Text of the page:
Published Jan 4, 2019
Celebrating The Motion Picture
Star Trek: The Motion Picture debuted in movie theaters on December 7, 1979
By StarTrek.com Staff
Get ready to feel really old, longtime Star Trek fans. The latest example is that Star Trek: The Motion Picture debuted in movie theaters on December 7, 1979. Fans remain forever divided about the film: it’s slow, even boring, and impenetrable in the minds of some, but, in the eyes of others, it's truly majestic and quite in keeping with the high-minded sci-fi of Star Trek: The Original Series. And, yes, let’s acknowledge Star Trek: The Motion Picture: The Director’s Edition, which markedly improved on the original release. Still, whatever one’s feelings about TMP, this much is true: it set the stage for all that’s come since, as it proved beyond the shadow of a doubt that fans loved their Trek and craved more of it. So, to mark TMP’s latest anniversary, StarTrek.com has assembled a sampling of facts, figures, tidbits and anecdotes about Trek’s first theatrical voyage…
Rising from the Ashes
TMP fell into place following the demise of Star Trek: Phase II, the proposed television series that would have brought the Enterprise and most of the TOS cast back to the small screen. And Phase II rose out of the ashes of a proposed TOS feature that was to have been directed by Philip Kaufman (The Right Stuff).
A Wise Choice?
Robert Wise was both a sensible and unlikely choice to direct TMP. The two-time Oscar winner's previous credits included The Day the Earth Stood Still, The Andromeda Strain, West Side Story, Run Silent, Run Deep, The Haunting and The Sound of Music, so he’d had at least some exposure to sci-fi filmmaking. And he began his career as a film editor, working on Citizen Kane, widely regarded as one of the best movies ever made. Orson Welles directed that film, of course, and Welles later provided the voice for TMP trailers.
Was Wise… Wise?
Wise, speaking to the Philadelphia Daily News in 1994, stated, “I wasn't a Trekkie, though I'd seen a few episodes. The reason I did it was I'd done The Day the Earth Stood Still (1951) and The Andromeda Strain (1971), which were earthbound, and I thought it was time I got into the heavens. By far, and for various reasons, it wasn't one of my favorite experiences. The day-to-day on the set, directing the actors and working with Gene (Roddenberry), was fine, but we were rewriting the script every day, to the very last day of shooting.”
Did They Dance at the Disco?
Production began on August 7, 1979 and concluded on January 26, 1979. The wrap party was held on February 10, 1979, at Liu's Chinese Restaurant and Chez Moi Disco.
Klingon was spoken for the first time in TMP.
About that Blaster Beam…
Does the name Craig Huxley ring a bell? Here’s why we ask: The V'ger sound effects were performed using a blaster beam… a musical instrument invented by Huxley, who was known as Craig Hundley when, on The Original Series, he played Peter Kirk in “Operation: Annihilate!” and Tommy Starnes in “And the Children Shall Lead.” He also created the music for the Project Genesis simulation in The Wrath of Khan and The Search for Spock.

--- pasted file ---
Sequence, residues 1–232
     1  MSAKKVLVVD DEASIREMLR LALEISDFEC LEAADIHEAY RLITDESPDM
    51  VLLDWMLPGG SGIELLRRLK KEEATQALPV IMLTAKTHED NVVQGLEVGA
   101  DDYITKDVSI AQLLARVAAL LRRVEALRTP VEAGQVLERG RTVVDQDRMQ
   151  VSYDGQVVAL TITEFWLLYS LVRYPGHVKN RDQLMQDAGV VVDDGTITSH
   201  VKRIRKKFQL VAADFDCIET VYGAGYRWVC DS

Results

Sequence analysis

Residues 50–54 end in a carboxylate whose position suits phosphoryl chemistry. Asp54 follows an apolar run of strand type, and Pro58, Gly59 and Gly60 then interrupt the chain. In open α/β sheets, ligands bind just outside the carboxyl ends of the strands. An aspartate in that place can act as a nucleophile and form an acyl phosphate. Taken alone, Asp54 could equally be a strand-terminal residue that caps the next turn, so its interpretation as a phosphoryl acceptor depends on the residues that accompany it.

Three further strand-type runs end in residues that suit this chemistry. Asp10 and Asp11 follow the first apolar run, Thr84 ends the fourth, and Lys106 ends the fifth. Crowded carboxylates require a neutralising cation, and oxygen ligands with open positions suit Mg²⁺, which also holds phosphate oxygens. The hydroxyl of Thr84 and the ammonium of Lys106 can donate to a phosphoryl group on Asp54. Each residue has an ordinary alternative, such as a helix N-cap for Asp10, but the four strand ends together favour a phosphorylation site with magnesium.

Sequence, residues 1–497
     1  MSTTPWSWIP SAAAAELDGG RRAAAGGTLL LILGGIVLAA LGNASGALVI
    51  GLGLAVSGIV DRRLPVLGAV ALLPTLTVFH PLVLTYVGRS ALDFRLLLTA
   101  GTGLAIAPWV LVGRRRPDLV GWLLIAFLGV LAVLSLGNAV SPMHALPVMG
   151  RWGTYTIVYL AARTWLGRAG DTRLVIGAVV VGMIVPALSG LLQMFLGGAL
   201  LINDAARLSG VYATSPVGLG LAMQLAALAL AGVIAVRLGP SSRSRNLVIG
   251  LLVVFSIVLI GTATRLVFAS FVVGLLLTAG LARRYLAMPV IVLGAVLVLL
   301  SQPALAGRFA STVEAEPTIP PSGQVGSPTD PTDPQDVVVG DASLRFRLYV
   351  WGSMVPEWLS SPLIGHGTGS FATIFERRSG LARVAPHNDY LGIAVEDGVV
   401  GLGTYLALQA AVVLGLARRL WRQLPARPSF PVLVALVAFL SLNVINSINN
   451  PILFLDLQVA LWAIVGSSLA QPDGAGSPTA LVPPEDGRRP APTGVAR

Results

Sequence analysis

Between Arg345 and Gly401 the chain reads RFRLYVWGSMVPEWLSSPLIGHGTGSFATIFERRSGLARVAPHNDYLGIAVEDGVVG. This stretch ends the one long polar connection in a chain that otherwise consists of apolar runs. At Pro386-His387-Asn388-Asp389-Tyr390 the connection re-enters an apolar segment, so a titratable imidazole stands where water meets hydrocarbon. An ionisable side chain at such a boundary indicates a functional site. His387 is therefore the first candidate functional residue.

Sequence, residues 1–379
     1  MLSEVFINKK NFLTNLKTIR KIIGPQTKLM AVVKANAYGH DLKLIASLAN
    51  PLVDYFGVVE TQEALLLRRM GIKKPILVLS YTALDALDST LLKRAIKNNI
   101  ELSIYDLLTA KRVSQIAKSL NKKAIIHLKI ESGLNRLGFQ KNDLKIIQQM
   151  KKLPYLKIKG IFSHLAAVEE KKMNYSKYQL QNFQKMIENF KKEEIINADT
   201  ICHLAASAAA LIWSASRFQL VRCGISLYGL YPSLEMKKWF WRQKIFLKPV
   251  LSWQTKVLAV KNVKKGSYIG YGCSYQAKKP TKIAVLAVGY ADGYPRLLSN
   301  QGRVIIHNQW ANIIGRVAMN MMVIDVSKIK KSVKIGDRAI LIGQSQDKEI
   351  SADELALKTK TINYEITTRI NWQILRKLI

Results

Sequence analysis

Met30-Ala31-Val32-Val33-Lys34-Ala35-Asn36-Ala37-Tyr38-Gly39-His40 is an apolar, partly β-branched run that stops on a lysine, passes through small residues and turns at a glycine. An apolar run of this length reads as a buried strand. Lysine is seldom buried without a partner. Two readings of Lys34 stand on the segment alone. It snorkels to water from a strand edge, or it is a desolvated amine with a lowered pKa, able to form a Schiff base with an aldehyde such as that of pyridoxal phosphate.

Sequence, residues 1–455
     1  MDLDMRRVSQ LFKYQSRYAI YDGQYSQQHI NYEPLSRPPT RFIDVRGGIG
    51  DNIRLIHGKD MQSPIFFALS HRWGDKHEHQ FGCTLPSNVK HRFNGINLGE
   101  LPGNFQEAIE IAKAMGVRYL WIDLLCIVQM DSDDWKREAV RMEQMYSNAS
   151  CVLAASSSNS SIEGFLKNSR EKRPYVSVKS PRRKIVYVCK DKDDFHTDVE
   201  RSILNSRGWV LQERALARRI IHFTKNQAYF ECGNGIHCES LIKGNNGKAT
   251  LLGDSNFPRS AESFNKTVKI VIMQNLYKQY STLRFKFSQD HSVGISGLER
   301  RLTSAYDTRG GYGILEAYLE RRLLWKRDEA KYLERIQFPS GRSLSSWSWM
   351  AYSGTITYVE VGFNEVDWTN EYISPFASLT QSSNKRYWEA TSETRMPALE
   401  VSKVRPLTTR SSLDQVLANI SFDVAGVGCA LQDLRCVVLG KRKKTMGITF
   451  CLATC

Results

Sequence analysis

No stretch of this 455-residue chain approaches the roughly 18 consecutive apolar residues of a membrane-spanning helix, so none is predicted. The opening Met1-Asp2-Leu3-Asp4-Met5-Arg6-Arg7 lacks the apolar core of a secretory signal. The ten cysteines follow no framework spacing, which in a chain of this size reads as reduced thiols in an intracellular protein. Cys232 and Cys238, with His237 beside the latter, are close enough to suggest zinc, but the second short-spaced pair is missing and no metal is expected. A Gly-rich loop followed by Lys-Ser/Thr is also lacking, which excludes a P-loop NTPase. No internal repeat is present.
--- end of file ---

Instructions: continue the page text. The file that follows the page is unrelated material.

The price tag for TMP was approximately $46 million. That was an astronomical sum for its day, but also an unfair number, as it took into account the costs associated with the Phase II television project and also the oft-chronicled TMP special effects debacle saga.
Blink and You Miss ‘Em
A few notable Trek folks made uncredited cameos in TMP, among them Bjo Trimble, Christopher Doohan, David Gerrold and Gene Roddenberry's secretary, Susan Sackett.
One of the film's publicity shots famously has a long two-by-four clearly visible at the top right of the frame (see above, no pun intended.)
A Most Logical Comment
In the 1983 special, Leonard Nimoy: Star Trek Memories, the Trek icon said the following of TMP: “It was a very finely crafted film, and it did well. But from the actor's point of view frankly, it was frustrating. We didn't feel that we were getting to play the characters that we enjoyed playing in the way that we knew how to play them. And it was frustrating for Gene Roddenberry too. It wasn't the story or script he had wanted, and the gaps seemed filled with too much emphasis on special effects.”
The TMP world premiere was held at the K-B MacArthur Theater in Washington, D.C. The screening took place on December 6, 1979, and was part of a fundraiser for the National Space Club.
Most Poignant Line
There were plenty of memorable lines in TMP, but we’re going to go with “List them as missing,” spoken by Kirk, referring to Decker and Ilia.
Trek at the Oscars
TMP earned a trio of Academy Award nominations, specifically in the Music, Art Direction and Visual Effects categories.
Persis Khambatta, the Indian actress who played Lt. Ilia, died on August 18, 1998, when she was just 49 years old. Robert Wise passed away on September 14, 2005, at age 91, after suffering a heart attack.